The multibillion dollar micropropagation industry is now well accepted in many countries of the world for commercial propagation of various plant species. Fruits and vegetables are very rich in health-promoting bioactive components. Although significant progress has been achieved in plant tissue culture of horticultural crops to multiply the true-to-type plants all the year around, genetic and epigenetic variations are a concern in commercial micropropagation. This review describes the progress in depth of various aspects micropropagation, clonal fidelity and epigenetic variation in micropropagated horticultural crops achieved at St. John’s Research and Development Centre, Agriculture and Agri-Food Canada and in other laboratories. It also deals with different types of molecular markers that was used to study clonal fidelity and DNA methylation and with the possible application of epigenetic variation in the production of micropropagated horticultural crops.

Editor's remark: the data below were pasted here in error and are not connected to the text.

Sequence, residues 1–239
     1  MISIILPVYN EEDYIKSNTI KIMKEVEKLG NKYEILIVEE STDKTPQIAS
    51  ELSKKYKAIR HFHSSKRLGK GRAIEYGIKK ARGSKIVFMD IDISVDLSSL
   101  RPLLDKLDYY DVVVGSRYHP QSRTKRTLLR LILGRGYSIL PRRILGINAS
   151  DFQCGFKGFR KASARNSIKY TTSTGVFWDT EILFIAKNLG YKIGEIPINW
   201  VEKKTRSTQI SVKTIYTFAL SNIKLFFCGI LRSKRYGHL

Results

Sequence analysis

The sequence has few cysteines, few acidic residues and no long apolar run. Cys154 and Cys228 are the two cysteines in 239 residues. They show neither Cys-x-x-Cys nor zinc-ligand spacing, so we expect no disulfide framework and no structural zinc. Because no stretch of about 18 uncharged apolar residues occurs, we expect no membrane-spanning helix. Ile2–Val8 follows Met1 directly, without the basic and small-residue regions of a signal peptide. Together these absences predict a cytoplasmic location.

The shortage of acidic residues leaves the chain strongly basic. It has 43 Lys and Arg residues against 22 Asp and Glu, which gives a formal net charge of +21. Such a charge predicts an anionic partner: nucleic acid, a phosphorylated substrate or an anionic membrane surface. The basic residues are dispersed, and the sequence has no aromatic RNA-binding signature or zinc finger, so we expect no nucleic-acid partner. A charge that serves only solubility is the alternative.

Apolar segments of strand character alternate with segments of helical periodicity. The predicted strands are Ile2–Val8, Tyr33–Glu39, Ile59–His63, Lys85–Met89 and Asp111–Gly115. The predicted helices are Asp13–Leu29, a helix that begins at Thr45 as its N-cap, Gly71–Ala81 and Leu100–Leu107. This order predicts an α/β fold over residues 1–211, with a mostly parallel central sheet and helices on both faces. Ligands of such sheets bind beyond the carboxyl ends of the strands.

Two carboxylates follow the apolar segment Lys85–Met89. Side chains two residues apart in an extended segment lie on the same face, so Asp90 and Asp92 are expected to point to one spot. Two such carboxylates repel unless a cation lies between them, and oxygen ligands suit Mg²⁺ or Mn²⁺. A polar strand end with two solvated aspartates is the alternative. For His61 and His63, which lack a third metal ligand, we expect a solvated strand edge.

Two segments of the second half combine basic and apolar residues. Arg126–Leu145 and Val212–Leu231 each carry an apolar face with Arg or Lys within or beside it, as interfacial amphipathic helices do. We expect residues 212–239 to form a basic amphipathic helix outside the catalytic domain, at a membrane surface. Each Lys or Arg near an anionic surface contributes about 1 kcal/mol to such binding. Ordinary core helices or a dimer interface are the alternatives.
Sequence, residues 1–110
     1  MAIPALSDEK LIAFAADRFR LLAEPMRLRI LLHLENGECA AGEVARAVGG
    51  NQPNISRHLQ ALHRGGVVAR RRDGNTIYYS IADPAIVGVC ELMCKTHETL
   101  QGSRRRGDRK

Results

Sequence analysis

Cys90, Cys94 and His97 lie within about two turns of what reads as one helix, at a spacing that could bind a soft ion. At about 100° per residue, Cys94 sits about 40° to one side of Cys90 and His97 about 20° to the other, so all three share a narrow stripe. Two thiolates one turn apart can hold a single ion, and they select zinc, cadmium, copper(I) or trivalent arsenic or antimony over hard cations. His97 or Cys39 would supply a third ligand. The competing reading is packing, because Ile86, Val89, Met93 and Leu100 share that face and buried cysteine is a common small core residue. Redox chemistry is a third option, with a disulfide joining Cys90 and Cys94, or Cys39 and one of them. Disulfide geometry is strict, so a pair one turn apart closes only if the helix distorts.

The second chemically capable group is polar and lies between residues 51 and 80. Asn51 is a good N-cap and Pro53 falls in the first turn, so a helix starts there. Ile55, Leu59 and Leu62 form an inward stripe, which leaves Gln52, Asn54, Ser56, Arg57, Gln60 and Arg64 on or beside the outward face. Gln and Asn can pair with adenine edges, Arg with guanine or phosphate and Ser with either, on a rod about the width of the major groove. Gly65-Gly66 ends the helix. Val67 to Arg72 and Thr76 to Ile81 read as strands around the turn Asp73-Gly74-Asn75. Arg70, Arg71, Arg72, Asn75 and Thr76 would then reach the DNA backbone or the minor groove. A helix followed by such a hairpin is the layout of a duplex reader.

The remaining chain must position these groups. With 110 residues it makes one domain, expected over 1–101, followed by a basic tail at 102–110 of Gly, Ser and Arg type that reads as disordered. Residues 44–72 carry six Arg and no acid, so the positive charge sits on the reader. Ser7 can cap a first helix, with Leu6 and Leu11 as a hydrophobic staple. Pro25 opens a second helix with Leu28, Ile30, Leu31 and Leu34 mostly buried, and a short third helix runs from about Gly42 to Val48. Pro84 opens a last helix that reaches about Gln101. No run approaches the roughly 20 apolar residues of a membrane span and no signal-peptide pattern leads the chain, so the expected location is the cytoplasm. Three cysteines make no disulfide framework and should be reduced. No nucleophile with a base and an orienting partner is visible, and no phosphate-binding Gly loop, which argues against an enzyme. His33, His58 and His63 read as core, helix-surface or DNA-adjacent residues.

Dr. Samir C. Debnath, P.Ag. is a Research Scientist at the St. John’s Research and Development Centre of Agriculture and Agri-Food Canada (AAFC) in Newfoundland and Labrador and an Adjunct Professor of Biology at the Memorial University of Newfoundland. He has authored and co-authored more than 100 publications in peer-reviewed journals including review papers and book chapters. He has been a keynote speaker and an invited speaker at a number of international and national conferences and meetings, was the President of the Newfoundland and Labrador Institute of Agrologists (P.Ag.) and the Canadian Society for Horticultural Science, and the Editor-in-Chief of the journal: Scientia Horticulturae. He is the Country Representative for Canada and the Council Member of the International Society for Horticultural Science. His research concerns biotechnology along with conventional method-based value-added small fruit and medicinal plant production, propagation and genetic enhancement. Much of his current work focuses on wild germplasm, antioxidant activity, biodiversity and micropropagation for berry crop improvement using in vitro and molecular techniques combined with conventional methods.